How To Clean Green Pennies & Coins
Why Do Pennies Turn Green?
Copper that is exposed to open air will corrode and undergo a series of chemical reactions that lead to the development of a patina – a coating of copper oxide molecules that actually protects the metal beneath. Over time, copper transitions from its shiny brown color to a darker brown shade. This is why Pennies often turn brown before they turn green.
After many years it transitions into blues. At an even later stage the formation of copper sulfate, carbonate and chloride salts in varying concentrations turns the surface green; explaining how pennies turn green. There are several factors that affect the amount of time these processes take including moisture, temperature, and the level of pollution. The formation of the natural green patina seen on copper roofs and statues takes a very long time, but methods have been developed to speed the process up using chemical reactions.
How to Clean Old Pennies
There are several methods available for reverting green pennies back to their former shiny copper glory. To clean about two dozen, stir ¼ cup of white vinegar and 1 teaspoon of salt until the salt dissolves in a non-metallic bowl. Soak the pennies in the mixture for five minutes. Rise really well under running water and place on a paper towel to dry. Another method requires a pencil with a fairly pliable eraser. If the eraser is too hard, it can leave deep scratches in the penny. Place a dirty penny on a clean cloth and rub gently in a circular motion with the eraser. Flip the penny and repeat.
Another cleaning method requires ¼ cup of tomato ketchup, a small container, an old toothbrush and a clean cloth. Dip the toothbrush into the ketchup than scrub the penny, on both sides, gently in a circular motion with the toothbrush. Rinse under warm, running water. Pennies can also be cleaned with soap and water or baking soda.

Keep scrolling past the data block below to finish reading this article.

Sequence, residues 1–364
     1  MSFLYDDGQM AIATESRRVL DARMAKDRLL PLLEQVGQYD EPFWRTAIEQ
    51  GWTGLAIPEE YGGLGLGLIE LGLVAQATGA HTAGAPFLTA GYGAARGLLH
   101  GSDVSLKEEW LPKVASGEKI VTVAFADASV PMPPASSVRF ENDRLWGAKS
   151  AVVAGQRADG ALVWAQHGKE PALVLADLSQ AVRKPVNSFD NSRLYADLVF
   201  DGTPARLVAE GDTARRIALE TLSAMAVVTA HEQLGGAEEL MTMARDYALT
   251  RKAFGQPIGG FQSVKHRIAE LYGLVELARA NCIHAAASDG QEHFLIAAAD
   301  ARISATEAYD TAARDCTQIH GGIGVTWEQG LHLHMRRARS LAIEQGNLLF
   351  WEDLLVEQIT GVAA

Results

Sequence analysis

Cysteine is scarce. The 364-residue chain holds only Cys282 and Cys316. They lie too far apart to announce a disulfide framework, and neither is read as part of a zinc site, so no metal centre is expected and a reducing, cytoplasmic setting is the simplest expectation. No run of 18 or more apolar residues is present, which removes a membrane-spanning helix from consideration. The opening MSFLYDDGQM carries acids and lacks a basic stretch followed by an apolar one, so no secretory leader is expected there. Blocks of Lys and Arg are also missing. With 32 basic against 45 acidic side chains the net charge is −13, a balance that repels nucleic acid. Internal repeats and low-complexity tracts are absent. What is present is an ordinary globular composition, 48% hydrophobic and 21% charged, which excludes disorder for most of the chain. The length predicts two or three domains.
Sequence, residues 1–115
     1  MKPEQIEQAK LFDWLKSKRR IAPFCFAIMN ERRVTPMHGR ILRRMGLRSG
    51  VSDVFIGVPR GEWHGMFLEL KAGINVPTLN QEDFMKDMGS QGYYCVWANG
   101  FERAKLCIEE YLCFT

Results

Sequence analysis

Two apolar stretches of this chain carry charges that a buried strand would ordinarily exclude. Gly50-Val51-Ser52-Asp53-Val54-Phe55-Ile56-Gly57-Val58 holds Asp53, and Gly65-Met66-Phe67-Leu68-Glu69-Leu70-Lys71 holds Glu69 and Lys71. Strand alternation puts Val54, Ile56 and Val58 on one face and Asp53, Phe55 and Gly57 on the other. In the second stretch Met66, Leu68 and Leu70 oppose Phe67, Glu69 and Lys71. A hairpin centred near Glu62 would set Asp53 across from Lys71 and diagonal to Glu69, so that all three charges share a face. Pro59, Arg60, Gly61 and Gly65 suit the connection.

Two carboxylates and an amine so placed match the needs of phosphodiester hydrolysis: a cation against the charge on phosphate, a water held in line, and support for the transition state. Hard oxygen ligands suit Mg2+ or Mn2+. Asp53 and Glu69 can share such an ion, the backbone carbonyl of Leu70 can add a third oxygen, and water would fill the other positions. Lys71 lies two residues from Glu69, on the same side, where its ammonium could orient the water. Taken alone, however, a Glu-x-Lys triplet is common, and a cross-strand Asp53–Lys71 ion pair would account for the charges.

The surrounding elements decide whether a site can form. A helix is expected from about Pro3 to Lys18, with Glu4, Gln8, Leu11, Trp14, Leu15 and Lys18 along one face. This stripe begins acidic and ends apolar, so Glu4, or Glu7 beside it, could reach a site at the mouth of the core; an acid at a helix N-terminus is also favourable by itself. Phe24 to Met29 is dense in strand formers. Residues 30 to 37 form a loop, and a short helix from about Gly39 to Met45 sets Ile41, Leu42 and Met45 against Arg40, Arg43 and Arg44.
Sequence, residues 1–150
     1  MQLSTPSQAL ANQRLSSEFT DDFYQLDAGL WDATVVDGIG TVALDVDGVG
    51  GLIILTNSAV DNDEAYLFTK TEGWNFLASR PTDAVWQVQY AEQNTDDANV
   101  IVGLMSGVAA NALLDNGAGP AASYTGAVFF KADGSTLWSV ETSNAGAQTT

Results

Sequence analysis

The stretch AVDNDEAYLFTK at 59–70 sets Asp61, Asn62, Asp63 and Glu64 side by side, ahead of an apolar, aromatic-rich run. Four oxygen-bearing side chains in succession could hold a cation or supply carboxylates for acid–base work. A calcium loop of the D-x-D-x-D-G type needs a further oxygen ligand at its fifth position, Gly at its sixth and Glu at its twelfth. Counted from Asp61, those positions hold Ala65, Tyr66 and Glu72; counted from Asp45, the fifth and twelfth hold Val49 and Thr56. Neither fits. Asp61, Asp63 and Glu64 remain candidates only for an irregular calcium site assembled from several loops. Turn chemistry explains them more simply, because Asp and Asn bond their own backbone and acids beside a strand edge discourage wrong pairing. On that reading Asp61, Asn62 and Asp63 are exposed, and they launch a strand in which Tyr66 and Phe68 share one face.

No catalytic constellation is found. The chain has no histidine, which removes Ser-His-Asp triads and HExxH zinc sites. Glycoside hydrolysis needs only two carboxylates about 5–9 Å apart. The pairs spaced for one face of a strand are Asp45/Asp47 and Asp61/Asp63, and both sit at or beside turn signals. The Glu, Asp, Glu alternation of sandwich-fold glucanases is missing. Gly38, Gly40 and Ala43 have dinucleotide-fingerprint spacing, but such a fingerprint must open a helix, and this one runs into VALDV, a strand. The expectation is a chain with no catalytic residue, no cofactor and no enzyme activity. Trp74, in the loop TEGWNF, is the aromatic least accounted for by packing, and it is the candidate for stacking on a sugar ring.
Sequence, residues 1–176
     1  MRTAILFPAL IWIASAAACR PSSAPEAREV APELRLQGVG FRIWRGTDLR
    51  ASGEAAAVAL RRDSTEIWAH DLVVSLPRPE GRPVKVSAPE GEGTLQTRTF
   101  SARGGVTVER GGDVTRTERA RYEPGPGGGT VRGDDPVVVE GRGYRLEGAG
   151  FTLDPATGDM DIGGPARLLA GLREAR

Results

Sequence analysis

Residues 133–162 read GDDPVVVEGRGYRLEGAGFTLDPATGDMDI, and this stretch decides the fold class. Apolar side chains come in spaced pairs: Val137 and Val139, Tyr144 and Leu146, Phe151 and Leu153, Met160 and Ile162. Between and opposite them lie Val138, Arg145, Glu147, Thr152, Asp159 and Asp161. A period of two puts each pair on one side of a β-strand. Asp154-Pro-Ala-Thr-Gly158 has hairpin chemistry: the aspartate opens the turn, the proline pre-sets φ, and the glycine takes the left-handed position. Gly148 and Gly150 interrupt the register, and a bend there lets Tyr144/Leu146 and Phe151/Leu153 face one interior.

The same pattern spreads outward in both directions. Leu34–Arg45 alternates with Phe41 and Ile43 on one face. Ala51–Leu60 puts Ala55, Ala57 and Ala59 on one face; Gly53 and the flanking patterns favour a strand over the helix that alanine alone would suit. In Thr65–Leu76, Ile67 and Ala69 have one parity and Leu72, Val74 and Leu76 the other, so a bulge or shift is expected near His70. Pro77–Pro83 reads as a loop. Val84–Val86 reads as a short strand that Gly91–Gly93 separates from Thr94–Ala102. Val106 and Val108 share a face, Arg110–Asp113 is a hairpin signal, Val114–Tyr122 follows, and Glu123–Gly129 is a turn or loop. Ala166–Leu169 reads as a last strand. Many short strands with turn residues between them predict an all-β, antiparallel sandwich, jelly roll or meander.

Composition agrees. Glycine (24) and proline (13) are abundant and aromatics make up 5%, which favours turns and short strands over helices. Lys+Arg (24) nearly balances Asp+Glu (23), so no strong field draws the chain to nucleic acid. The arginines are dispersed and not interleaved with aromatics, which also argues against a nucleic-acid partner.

Cleaning Corroded Old Coins
There are cases, however, when a coin is valuable and only light cleaning is recommended to retain the value of the coin. If you suspect you are in possession of a rare penny, or an old coin which can be worth money, make sure to never touch the face of the coin. Because the cleaning process required to restore the original bright and shiny look of the penny are nearly always abrasive, cleaning them rarely improves the grading of a valuable coin and almost always reduces the value.
A survey of common price discounts on cleaned coins offered by dealers indicates that cleaned coins scratched through abrasive processes are rarely worth more than half of their original value before the cleaning. It is generally acceptable to clean corroded coins with dirt on them by soaking briefly in clean water. After removal from the water, pat -don't rub -the coin dry with a soft towel.
Should You Clean Old Pennies?
Nearly all of us have stashes of pennies throughout our homes and in the ashtrays of our vehicles. And some of those old pennies can be both very rare and very valuable.
A list of the more valuable pennies includes the 1944 Steel Wheat Penny with no mintmark. They are currently valued at more than $77,000 and one in perfect condition can fetch upwards of $110,000.
A 1943 Copper Wheat Penny can get more than $60,000 and one in perfect condition can be worth nearly $86,000. A 1909-S V.D.B. Is valued at $2,250. A 1923 Wheat Penny is valued at $750. A 1909-S can fetch $450. The 1913 D Wheat Penny and 1916 S Wheat Penny are both valued at $225. Should you be cleaning your old coins? If you have the right pennies, you could make a great deal of money. Before you trade those pennies in for cash, take some time to examine them, as they may be valuable. Feel free to check out some of our U.S. Mint coins for sale if you are looking to boost your U.S. coin portfolio.
If you’re interested in reading more about rare US coins, check out some of our other great posts including, ‘Should I Buy Circulated or Uncirculated Coins?’, ‘Why Do Pennies Turn Green? ' and ‘The Most Valuable US Coins in Circulation’.